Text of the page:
A fairly dry month of November and first week of December were just what farmers needed to catch up on fall fieldwork.
After wrapping up harvest at most locations, many farmers shifted right into fall fertilizer applications, tillage, tile work and seeding of cover crops among other activities.
“It’s been a good fall and excellent year,” Dean Campbell, Randolph County Farm Bureau member, said at the Illinois Farm Bureau Annual Meeting in Chicago.
“Paperwork gets pushed aside when it’s 65 degrees out to start December,” he continued. “We’ve been able to catch up on tile repairs, put some potash on and take soil samples.”
While southern Illinois farmers typically don’t apply anhydrous ammonia in the fall, many of their counterparts in central and northern Illinois have been busy applying it, which could help ease supply bottlenecks in the spring.
A sampling of about 200 farmers who took part in the virtual Illinois Farm Economic Summit found more than two-thirds were able to apply at least some nitrogen as of Dec. 3, with 35% reporting they have less than half to go, while just 31% had not applied any at that point.
“In our area, it looks like a lot of anhydrous was put on,” said Marty Marr, Cass-Morgan Farm Bureau member who serves as president of the Illinois Corn Growers Association. “There’s some corn on corn, but it looks like most stayed with the rotation.”
Precipitation last month averaged just an inch in Illinois, 2.31 inches below average, which made it the ninth-driest November on record, according to the Illinois State Water Survey. The dry run followed the fourth-wettest October on record, with 6.36 inches of precipitation across the state that month, 3.44 inches above the 1991-2020 average.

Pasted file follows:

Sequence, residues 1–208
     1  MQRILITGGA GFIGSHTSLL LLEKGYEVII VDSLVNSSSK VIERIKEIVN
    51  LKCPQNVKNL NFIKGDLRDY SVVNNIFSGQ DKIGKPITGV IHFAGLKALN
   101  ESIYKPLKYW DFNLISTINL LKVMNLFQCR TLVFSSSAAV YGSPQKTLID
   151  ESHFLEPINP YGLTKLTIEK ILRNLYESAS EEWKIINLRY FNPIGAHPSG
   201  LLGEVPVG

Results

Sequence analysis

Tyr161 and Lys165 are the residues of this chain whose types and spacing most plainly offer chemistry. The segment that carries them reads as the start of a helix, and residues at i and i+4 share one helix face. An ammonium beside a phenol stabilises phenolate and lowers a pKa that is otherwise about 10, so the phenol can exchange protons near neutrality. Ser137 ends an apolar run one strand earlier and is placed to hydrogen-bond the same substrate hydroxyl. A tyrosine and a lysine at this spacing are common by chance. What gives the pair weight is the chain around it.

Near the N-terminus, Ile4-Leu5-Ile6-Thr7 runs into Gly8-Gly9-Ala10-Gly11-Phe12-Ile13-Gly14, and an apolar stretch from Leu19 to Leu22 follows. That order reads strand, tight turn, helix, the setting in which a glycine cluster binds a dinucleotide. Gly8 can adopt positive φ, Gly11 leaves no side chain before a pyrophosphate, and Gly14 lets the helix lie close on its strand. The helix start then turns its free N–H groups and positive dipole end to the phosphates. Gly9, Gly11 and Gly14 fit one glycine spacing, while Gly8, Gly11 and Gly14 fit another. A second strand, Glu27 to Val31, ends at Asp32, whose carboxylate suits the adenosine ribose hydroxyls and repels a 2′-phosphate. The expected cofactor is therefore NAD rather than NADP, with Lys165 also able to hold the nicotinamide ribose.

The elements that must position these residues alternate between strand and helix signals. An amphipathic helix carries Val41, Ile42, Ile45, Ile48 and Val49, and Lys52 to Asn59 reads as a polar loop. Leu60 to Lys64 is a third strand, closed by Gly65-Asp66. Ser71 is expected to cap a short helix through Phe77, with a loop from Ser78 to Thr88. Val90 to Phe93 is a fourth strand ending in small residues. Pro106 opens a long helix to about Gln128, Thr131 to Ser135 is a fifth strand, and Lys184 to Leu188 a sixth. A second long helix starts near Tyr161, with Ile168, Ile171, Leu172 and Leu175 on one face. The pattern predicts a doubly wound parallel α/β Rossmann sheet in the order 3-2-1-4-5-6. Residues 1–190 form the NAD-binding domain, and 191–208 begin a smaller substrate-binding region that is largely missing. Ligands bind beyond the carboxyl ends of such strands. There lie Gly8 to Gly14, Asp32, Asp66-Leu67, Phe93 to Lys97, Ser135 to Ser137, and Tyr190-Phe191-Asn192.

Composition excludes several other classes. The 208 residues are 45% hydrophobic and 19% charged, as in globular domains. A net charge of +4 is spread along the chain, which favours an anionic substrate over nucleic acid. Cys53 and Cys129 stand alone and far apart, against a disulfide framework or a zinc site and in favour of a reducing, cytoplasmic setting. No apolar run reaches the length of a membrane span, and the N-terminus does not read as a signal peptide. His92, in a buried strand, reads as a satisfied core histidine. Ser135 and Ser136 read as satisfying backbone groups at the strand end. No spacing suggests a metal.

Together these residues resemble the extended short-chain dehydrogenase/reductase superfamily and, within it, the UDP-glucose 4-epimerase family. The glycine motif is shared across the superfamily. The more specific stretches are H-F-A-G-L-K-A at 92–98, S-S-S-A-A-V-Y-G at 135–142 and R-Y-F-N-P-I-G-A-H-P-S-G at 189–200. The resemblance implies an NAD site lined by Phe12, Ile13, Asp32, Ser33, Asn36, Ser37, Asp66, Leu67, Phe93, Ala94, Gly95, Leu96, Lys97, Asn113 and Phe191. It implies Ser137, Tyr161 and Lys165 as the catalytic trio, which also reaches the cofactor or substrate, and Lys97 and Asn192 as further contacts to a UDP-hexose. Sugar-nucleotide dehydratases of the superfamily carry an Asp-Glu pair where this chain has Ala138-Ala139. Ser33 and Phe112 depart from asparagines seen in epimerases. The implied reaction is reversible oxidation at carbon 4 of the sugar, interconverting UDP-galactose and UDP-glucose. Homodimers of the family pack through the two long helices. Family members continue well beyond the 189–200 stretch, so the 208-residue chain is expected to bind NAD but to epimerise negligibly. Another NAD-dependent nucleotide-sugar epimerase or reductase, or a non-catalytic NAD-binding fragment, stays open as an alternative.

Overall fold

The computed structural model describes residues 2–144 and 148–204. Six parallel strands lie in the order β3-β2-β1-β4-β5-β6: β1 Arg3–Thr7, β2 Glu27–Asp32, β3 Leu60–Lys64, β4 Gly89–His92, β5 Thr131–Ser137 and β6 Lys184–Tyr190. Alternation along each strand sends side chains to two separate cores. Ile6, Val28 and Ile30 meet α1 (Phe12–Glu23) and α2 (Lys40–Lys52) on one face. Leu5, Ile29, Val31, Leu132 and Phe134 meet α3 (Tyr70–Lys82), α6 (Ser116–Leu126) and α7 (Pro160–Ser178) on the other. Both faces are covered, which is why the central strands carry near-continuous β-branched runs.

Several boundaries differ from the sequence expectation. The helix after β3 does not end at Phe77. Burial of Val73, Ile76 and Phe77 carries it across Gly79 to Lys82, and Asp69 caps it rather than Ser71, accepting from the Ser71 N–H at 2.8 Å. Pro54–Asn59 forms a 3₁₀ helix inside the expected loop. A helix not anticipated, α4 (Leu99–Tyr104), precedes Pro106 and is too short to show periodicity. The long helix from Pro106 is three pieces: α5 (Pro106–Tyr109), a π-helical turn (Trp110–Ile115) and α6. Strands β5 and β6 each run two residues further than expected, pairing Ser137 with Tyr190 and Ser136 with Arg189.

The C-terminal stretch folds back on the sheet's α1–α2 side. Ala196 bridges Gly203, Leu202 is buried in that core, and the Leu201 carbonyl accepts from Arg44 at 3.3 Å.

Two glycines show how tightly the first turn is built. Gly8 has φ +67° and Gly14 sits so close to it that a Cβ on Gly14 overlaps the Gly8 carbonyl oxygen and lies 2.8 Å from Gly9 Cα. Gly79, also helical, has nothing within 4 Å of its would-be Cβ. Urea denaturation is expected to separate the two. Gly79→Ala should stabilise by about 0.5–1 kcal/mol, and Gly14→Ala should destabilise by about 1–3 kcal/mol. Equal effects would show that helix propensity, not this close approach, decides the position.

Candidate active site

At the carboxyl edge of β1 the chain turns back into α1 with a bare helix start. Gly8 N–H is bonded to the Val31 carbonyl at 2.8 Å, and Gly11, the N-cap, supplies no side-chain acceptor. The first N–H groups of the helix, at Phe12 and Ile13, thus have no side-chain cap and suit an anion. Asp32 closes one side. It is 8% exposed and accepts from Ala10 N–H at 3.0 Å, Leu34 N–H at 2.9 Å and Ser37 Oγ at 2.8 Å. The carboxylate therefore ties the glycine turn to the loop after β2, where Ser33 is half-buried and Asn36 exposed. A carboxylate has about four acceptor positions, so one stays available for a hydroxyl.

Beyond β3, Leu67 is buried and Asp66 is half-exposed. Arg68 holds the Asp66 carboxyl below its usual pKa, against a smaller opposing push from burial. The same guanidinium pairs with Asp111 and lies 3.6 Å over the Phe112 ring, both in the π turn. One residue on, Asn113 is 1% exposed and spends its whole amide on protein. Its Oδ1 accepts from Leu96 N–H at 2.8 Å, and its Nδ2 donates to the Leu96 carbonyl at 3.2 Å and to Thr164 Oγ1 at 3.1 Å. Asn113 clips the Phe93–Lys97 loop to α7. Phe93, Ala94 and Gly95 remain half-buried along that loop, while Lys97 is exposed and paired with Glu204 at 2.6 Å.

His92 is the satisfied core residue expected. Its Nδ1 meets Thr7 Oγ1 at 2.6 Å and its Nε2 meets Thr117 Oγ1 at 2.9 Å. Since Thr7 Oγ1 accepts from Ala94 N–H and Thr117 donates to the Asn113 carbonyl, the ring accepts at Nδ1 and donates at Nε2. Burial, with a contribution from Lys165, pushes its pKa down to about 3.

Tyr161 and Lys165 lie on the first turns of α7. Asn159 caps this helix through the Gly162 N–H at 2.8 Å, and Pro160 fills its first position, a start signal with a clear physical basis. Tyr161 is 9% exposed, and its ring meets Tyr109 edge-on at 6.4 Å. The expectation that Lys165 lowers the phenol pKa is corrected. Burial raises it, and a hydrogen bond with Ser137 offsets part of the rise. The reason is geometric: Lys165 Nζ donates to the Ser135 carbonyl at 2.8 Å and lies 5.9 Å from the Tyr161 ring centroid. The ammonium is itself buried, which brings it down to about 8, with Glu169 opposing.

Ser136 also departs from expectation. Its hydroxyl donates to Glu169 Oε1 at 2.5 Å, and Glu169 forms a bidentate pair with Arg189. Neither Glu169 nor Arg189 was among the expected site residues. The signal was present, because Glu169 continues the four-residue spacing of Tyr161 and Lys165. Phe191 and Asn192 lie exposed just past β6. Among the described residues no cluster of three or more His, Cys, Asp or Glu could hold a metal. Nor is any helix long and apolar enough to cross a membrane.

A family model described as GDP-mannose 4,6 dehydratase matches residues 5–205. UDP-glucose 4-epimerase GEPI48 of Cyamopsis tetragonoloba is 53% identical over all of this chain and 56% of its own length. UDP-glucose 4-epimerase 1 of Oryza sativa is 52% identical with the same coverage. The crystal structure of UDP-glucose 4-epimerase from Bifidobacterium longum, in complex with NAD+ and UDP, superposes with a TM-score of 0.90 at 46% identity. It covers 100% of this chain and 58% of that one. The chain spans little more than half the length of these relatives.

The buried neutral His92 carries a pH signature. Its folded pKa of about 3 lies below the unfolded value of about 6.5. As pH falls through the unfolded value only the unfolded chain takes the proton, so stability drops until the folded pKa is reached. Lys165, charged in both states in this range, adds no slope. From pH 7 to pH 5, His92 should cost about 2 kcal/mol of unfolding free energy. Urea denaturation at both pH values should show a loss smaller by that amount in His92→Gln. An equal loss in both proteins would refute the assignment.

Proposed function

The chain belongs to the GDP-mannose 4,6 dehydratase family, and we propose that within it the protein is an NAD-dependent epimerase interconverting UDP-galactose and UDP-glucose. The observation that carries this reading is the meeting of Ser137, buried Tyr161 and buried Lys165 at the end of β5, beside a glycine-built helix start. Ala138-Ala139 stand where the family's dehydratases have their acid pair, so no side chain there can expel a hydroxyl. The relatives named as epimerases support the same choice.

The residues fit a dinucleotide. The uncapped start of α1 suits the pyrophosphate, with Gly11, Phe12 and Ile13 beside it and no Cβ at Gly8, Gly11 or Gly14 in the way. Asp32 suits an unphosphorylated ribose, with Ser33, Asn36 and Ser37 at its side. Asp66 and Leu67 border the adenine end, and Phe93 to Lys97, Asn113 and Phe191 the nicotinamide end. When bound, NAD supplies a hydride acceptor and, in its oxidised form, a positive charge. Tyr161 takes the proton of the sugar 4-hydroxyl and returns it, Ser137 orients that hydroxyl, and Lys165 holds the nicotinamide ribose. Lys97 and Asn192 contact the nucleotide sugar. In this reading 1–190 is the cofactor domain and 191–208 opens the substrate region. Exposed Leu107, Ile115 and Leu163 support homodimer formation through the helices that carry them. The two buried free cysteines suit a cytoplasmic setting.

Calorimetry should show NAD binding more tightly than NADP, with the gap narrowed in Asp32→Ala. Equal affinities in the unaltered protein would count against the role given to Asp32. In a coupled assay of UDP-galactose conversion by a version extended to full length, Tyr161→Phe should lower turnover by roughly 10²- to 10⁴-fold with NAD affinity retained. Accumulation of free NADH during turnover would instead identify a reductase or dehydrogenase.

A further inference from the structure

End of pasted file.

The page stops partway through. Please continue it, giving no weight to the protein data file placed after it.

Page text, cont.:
“These sporadic breaks in the weather allowed us to get caught up on a lot of things so we’re ready to go for next season,” Marr said.
Wheat emergence reached 92% statewide through the end of November, with the majority of the crop (82%) ranked in good to excellent condition, 12% fair and just 6% poor to very poor, the National Agricultural Statistics Service Illinois field office reported.
Conditions are more challenging elsewhere, with about 52% of winter wheat acres in drought, mostly west of Illinois, as of the first week of December.
“We’ve got about 75% of the wheat looks good and 25% struggling to get out of the ground,” said Campbell, who serves as secretary of the Illinois Wheat Association. “We’d like to see a little more growth in the fall. I’m optimistic we’ll have a good wheat crop to work with.”
Campbell planted about 10% more wheat this year as part of his three-year rotation.
“My biggest concern going into next year is where we’re going to be with inputs,” he said. “We’re insecure about what’s available and, if it’s available, what’s it going to cost?”
Brad Temple, past Illinois Farm Bureau board member from LaSalle County, expressed similar concerns after a challenging harvest in his area in which about two-thirds of his crops were damaged by wind and hail.
“With the input costs where they are, obviously crop prices have to maintain or improve just to make the same income,” next year, Temple said.